I'm a decent drawer so I can create the battlers I want myself, even if there are hundreds to be drawn. It just takes a lot of time. I have much to learn with spriting so I may have to hire someone for that. If you have read the blogs that the composer Aleksi has written, you know the music part is clearly being taken care of. He's a very talented, easy to work with (even though I can be a bit of a tyrant sometimes) and really seems to know what kind of tracks I'm looking for. The dialog will be much more focused this time and I have more proofreaders so that means less typos this time (I hope). The last thing missing is the scripting. This is something I just cannot seem to figure out and I don't really have that much time to spend on taking a class. So hiring a scripter might be the only way. I don't mind spending a few euros to make my dream project come true but I've started thinking about creating an IndieGoGo page or something similar for the game. If I decide to do something that drastic it'll happen when I have a decent demo out for you folks to try out and that will still take months.

So these are my thoughts at the moment. I've been quite cautious about posting that many screenshots of the game, as I'm not that happy with current graphics. But I'm sure I can squeeze at least some pictures out sooner or later. I have two testers trying out the game at the moment and they have about 7-8 hours of gameplay time clocked. The feedback storywise is good, the gameplay itself is still lightyears behind.I really cannot tell when the game will be completed, I'd estimate it will take another year. Try to be patient and stay intrested. It WILL be completed!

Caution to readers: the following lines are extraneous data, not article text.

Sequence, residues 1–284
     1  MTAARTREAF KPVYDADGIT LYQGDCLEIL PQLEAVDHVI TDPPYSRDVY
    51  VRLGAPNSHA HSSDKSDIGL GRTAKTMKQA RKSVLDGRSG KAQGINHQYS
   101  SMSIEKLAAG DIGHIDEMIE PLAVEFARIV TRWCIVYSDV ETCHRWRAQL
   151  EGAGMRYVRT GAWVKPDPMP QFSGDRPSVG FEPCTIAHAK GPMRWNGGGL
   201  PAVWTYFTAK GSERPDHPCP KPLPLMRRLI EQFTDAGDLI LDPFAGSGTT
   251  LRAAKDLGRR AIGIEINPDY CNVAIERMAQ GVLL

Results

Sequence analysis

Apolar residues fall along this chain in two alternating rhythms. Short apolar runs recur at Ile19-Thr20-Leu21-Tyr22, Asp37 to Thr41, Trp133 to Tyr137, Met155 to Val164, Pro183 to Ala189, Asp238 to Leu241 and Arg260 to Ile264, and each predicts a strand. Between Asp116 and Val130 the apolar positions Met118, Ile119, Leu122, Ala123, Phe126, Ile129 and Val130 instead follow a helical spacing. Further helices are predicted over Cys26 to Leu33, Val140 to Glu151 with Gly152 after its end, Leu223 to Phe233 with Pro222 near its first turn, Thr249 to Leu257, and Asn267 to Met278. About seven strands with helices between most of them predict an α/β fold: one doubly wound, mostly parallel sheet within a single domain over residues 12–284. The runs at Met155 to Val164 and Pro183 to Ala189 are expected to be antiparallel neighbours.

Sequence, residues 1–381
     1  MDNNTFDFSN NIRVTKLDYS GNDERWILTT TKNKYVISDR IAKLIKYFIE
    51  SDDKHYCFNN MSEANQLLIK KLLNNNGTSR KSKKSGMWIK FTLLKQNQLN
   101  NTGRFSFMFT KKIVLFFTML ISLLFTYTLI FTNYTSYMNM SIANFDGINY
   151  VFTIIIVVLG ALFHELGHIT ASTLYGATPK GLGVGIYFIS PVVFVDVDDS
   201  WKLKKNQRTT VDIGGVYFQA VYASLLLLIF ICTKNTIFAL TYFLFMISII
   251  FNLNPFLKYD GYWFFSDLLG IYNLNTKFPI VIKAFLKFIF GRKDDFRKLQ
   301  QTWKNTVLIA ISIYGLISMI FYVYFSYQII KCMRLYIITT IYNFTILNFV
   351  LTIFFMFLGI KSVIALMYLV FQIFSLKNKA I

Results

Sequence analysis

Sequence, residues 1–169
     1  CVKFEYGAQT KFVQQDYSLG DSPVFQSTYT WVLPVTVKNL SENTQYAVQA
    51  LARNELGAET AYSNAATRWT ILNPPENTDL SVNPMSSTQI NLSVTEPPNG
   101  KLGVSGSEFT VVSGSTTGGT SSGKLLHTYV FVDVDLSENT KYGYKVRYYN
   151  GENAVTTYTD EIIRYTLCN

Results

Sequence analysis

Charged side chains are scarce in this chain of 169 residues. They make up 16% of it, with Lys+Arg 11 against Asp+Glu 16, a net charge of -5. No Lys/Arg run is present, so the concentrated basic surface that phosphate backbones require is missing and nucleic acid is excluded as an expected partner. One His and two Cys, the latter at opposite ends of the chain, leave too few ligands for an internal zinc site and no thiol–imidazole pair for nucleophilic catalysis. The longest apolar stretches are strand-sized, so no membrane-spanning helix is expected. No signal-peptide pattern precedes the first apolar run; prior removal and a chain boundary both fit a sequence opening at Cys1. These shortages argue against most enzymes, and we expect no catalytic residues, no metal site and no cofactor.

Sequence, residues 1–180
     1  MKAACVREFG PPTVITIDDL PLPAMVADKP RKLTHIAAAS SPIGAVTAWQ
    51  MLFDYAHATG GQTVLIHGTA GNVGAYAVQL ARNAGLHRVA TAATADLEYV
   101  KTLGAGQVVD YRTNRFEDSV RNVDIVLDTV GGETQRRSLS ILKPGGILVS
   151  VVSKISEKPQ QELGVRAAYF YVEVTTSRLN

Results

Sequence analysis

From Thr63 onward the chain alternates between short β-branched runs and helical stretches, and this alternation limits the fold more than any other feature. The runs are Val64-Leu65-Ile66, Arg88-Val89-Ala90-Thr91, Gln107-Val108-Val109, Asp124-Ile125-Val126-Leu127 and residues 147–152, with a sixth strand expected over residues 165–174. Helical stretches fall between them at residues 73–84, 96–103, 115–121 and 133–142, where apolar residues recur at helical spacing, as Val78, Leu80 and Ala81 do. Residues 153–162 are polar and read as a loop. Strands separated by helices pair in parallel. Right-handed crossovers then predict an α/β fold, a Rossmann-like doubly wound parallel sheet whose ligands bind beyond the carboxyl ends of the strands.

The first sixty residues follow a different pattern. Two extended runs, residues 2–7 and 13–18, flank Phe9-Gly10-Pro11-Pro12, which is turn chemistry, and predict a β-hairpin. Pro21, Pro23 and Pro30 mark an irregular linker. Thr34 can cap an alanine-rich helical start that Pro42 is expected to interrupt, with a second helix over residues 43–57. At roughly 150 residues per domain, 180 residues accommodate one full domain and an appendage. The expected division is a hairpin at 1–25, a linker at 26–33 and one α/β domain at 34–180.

-Matias "Tosi-Taku" Ahonen

And as always: Apologies for the typos :)

Progress Report

Making of a soundtrack Part II: Inspiration - -> Creation (plus stuff about the game itself!)

Hello there, it's mr musical tarpit here again.

It's been awhile since the first blog so be sure to hold onto your elven ears and dwarven beards, because this one's a l o n g one.

Partly the silence was because I wanted something festive to announce for this second blog entry, so here it is: as far as the soundtrack goes, we have hit the mark of 30 (more or less) finished songs. After working for a bit more than 10 months I do feel the need to say that I'm at least a little surprised of how easily it has gone this far. Almost as surprised as I am impressed. It may not sound like too much but one must take into account that this is something that gets done for free on spare time for our own pleasure (and eventually for others' too I hope). So if there's something that song amount means it's steady progress - and that is a good duo of words right there.

Back when we started I didn't really know what to expect. Sure, like you may understand from the first blog, starting this musical journey into the unknown depths felt like the right thing to do but I had no idea how huge and long it would grow. Actually, this is the first time I've taken a shot at such a huge project. Everything before this has been something with a short deadline or no deadline at all and more importantly, not only on my own shoulders. The great maker obviously does visit me from his castle every now and then to issue his new orders and to leave his lordship's constructive feedback concerning the earlier accomplishments, but most of the time it's pretty lonely here in the cellar.